Working Families, a leading UK work-life balance organisation, identified fathers as one of five problem areas for policy in a report published this month. It identifies the long notice period and service requirements as excluding a number of potential fathers from receiving paternity leave entitlements. The report is based on data from the Working Families helpline calls received during 2009.
These findings are consistent with findings from my research in which a number of fathers expressed confusion over when they were expected to notify their human resources department about their intention to take paternity leave. Babies do not tend to clock-watch their arrival and many fathers were adamant that they did not know when the baby would be born. One father went on paternity leave before his overdue-baby was born.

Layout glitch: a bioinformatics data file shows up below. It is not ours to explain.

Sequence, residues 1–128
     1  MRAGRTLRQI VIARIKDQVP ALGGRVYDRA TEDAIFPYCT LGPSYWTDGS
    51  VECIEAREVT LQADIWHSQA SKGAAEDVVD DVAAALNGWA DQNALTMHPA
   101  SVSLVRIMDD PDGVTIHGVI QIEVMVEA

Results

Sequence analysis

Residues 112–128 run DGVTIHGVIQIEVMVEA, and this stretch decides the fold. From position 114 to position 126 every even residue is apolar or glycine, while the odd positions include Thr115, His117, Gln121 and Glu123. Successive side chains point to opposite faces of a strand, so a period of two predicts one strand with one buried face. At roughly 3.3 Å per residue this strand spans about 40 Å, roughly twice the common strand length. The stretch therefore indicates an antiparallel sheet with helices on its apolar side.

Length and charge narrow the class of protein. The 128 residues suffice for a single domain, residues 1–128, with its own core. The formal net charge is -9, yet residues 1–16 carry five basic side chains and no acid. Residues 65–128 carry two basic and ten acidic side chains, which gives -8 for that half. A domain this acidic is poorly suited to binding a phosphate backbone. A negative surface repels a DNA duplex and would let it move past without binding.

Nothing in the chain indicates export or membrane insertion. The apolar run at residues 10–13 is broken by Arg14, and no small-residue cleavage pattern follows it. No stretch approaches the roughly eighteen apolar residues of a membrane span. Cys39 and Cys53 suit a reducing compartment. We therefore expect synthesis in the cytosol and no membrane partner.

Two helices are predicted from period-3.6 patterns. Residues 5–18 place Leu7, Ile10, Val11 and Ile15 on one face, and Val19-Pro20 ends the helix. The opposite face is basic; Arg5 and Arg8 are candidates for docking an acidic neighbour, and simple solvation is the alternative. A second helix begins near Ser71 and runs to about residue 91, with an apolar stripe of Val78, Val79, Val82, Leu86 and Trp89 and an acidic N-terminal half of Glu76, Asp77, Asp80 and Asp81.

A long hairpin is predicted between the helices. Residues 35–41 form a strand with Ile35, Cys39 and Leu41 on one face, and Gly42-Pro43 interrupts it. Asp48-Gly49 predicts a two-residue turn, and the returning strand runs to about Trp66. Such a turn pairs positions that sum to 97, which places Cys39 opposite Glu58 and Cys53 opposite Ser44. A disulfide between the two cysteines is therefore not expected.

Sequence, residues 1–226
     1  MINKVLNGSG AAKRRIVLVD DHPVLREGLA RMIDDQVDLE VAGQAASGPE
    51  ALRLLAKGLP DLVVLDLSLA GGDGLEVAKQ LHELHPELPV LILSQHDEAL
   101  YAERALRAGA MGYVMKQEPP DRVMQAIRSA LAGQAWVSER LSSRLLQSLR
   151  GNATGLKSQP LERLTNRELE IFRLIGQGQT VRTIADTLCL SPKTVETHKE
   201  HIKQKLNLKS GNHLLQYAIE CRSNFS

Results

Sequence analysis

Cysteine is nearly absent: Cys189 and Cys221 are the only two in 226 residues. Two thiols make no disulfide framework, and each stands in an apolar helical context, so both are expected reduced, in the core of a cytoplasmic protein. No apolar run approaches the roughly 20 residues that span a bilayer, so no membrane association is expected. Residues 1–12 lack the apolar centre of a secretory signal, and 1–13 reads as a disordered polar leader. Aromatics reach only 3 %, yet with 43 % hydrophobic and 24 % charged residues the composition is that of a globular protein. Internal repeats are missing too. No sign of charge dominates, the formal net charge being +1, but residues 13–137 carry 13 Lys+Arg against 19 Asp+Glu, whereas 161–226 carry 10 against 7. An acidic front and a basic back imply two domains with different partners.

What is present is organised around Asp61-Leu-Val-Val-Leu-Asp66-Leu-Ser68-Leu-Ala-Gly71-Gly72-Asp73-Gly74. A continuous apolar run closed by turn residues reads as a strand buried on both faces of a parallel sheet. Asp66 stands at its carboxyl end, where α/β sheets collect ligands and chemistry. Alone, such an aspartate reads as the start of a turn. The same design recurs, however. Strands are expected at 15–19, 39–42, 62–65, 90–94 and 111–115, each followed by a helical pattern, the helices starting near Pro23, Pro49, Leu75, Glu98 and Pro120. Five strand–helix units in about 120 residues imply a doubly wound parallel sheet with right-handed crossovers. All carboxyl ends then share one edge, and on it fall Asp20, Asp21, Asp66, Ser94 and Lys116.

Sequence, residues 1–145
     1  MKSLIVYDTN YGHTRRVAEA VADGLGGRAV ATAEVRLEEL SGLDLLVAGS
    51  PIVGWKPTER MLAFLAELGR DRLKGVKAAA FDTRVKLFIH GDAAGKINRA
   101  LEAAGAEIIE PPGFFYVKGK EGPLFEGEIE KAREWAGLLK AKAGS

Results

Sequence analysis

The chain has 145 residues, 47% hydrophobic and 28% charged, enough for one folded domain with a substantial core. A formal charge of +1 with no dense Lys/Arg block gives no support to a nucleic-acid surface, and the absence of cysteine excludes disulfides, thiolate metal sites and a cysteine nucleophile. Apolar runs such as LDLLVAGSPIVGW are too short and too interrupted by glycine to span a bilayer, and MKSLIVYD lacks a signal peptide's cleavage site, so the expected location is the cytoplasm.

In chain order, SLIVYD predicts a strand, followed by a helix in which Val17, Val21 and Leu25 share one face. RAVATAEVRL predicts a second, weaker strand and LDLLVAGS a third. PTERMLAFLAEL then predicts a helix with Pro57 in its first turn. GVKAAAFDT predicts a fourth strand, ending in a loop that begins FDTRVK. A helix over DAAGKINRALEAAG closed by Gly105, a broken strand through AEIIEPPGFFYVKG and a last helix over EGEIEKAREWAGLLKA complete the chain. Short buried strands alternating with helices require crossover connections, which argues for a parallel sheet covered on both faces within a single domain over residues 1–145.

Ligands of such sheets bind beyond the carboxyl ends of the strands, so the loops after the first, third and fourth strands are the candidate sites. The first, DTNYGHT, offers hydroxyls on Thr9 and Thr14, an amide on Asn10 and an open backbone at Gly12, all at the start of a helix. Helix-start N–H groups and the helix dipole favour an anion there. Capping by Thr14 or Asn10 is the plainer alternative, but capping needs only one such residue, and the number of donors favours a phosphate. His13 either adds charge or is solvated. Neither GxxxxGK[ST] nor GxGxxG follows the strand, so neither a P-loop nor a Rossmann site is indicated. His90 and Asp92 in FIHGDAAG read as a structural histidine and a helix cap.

Another father was horrified when he was told that he did not qualify for paternity leave because he had only been with the company for two months. The way he saw it was that paternity leave was "for the birth and to help out with the family. It’s not that you’re trying to skive or bunk off work.”
I join with Working Families, and argue that all fathers should be entitled to levels of statutory paternity support regardless of their employment status.
Click here for the Working Families report.
Details of workplace rights for fathers can be found here.